• 1st  June, 2020 (after about eight and a half months) > Received two NOA via postage mail to my address. One is for me and the other is for my POA. Requested lawyer to clarify with LHDN immediately
  • 4th June 2020 > Lawyer sent letter marked “By Hand” and “URGENT” to LHDN to seek clarifications. We reproduced a copy of this letter here.
  • 9th September 2020 (after about eleven and a half months) > LHDN sent a revised NOA. Per the revised NOA, the 30% RPGT on my POA was removed but LHDN had arbitrarily disallowed my deductions for exemption of gains.

After one year for a foreigner disposing Malaysia property

  • 2nd October, 2020 (after about twelve and a half months) > I emailed to LHDN directly regarding the status of my refund. On the same day, LHDN immediately sent a cheque to my lawyer in the afternoon. They also informed me that the outstanding refund due to my wife will be processed by another LHDN unit which will be delayed. It seems like this different unit is unaware to process the refund till notified by me on 17th November 2020.
  • 6th November, 2020 (after about thirteen and a half months) > No response from LHDN. Requested lawyer to call LHDN’s contact Tel on 7th November, 2020. Based on call, lawyer advised to write email  directly to LHDN in order.
  • 17th November, 2020 > Sent email directly to follow up on the other half share refund that is still pending action. Received immediate reply from them requesting for bank account information for crediting purposes.
  • 10th & 12th December, 2020 > Received two partial payments and stopped. Last partial payment is still outstanding.
  • 17th December, 2020 (after about fourteen months) > Waiting on LHDN’s response on outstanding amount & unresolved outstanding issues that were raised to them. Has the RPGT Malaysia foreigner status affects the way LHDN treats us?

Griefs from LHDN RPGT Retention Sum

There was a long delay of about eight and a half months (19-09-2019 to 02-06-2020) before I received the official Notice of Assessment from LHDN.

Based on the NOA dated 05-03-2020, LHDN took about five and a half months to assess my RPGT based on review of all copies of all documents provided by lawyer as listed on letter dated 4th June 2020.

The NOA contains full of errors, inaccuracies, arbitrarily disallowing deductions for foreigner disposing Malaysia property & seeking to charge my Power of Attorney a RPGT of 30%.

There was a 3 months period of non-reply from LHDN to my lawyer up to 9th September 2020. We received confirmation the 30% RPGT Malaysia foreigner on my POA was aborted.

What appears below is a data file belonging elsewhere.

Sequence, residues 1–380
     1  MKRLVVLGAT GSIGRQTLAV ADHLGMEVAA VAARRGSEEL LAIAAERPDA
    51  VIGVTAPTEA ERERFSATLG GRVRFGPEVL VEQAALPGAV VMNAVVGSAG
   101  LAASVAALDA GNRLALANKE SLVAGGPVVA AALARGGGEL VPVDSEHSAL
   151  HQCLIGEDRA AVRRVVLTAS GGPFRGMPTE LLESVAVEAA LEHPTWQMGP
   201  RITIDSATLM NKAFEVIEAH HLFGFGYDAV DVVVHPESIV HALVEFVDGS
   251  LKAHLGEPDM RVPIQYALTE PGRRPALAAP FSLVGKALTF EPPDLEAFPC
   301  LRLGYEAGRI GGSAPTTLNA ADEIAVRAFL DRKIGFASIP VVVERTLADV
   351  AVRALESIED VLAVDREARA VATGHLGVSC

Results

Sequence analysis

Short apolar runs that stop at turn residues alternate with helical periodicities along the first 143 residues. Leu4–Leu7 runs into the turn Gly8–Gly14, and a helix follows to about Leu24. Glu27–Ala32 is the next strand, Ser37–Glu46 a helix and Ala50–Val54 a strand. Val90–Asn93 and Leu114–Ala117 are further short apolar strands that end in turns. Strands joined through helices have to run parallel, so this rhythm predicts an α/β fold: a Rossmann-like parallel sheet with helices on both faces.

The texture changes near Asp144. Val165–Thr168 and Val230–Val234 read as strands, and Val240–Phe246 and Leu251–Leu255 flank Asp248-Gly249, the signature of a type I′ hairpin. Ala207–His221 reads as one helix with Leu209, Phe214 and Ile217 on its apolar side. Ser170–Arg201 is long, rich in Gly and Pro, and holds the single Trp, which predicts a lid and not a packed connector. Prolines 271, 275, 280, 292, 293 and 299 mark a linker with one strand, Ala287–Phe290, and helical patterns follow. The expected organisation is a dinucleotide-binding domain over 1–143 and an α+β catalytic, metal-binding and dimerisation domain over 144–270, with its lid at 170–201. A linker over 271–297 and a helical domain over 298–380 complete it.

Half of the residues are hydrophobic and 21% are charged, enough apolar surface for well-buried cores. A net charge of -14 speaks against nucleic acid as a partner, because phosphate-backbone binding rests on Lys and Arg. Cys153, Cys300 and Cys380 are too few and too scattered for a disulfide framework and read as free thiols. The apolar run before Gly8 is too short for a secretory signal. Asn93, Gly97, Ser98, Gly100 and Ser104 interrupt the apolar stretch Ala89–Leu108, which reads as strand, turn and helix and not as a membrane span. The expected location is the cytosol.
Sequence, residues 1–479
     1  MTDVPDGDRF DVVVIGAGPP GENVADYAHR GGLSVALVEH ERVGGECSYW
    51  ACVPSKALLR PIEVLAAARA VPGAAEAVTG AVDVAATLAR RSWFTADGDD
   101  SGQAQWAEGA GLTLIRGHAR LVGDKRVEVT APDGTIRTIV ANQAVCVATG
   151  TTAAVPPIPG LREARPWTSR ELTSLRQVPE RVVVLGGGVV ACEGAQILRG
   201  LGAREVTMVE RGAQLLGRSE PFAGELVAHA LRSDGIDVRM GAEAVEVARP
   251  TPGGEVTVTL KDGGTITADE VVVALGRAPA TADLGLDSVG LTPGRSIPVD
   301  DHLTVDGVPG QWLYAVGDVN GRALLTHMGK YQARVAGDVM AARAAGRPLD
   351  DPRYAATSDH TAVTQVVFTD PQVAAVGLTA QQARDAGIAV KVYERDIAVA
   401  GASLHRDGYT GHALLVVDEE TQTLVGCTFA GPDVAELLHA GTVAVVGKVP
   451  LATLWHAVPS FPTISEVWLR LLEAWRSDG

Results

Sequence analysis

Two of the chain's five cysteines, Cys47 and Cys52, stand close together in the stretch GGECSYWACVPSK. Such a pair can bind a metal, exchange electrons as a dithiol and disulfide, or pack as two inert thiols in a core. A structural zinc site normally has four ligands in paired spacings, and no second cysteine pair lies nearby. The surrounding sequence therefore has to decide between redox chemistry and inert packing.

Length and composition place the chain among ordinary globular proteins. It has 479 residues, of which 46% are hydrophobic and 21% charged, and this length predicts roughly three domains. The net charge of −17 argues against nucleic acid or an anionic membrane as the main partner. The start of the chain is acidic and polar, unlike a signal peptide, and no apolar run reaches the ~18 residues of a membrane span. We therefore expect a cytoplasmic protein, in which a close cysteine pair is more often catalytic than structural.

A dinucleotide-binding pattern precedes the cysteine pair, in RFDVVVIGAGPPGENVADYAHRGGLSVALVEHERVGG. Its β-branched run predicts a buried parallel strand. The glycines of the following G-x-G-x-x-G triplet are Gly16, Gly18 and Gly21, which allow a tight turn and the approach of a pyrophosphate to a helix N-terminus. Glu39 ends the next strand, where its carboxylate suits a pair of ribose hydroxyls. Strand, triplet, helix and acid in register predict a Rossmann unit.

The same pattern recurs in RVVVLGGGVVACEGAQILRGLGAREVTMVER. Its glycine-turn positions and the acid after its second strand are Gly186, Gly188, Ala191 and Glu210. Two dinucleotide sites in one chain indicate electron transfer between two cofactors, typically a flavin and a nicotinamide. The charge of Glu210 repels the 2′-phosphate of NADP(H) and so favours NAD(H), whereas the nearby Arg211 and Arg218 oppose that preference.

However other issues that were highlighted by my lawyer were ignored by LHDN.

Manipulations from LHDN RPGT Retention Sum hit foreigner disposing Malaysia property

One such issue is the issue stated on Section 3.11 – [Part d. Exemption of gain – we have submitted Vendor’s original receipts for expenses of Property’s renovation costs for tax deduction purposes and please consider;] was  ignored. It was a shock to learn of this or is it a deliberate move due to the fact that I am a paying RPGT Malaysia foreigner status.

LHDN arbitrarily disallowed any deduction to maximize “swiping” off as much of the RPGT retention sum as possible since we are at their mercy.

My lawyer could not do anything except telling me to wait and wait for my refund of excess tax payment

After about one year of waiting, I decided to email direct to LHDN on the 2nd October, 2020, questioning my refund status.

On the same day, LHDN had immediately sent a cheque to my lawyer in the afternoon.

As of writing, LHDN had still not refunded an outstanding amount of money.

LHDN did not issued official receipts for our payment of 7% RPGT etention sum to acknowledge receipt of payment as indicated in Section 7.

Conclusion about Investing in Malaysia properties

MM2H foreigner investors ended up being trapped by their “shifting goal posts” every few years.

These anti-foreigners “shifting goal posts” are:

  • The minimum purchase price of Johor properties for foreigners “goal posts keeps shifting”. The minimum purchase price was below RM500,000 when we bought our property in 2010. It was above RM500,000 and once again to RM1,000,000 after 2014. Because of this constant “shifting of goal posts” many foreigners ended up “trapped” as prices will not rise so much to the RM1,000,000 mark. The price above RM1,000,000 for foreigners restrict selling to other foreigners and thereby selling to Malaysian only at depressed prices. Foreigners are hanging high and dry through these goal posts shifting.
  • The increase in RPGT Malaysia rate is much higher for foreigner and applied retroactively. For foreigner disposing Malaysia property, it gets worse for those less than five years due to the 2018 change where it is flat 30% throughout the five years.
  • The 7% RPGT retention sum for foreigners that puts investors at their mercy and may have their money swipe off arbitrarily with little or no recourse with RPGT Malaysia LHDN.

The above clearly shows unclear systems, failed procedures, inefficiencies as well as little to no professionalism from politicians and bureaucrats. The twists, the turns and the “left hanging high and dry” as exemplify with this HSR project.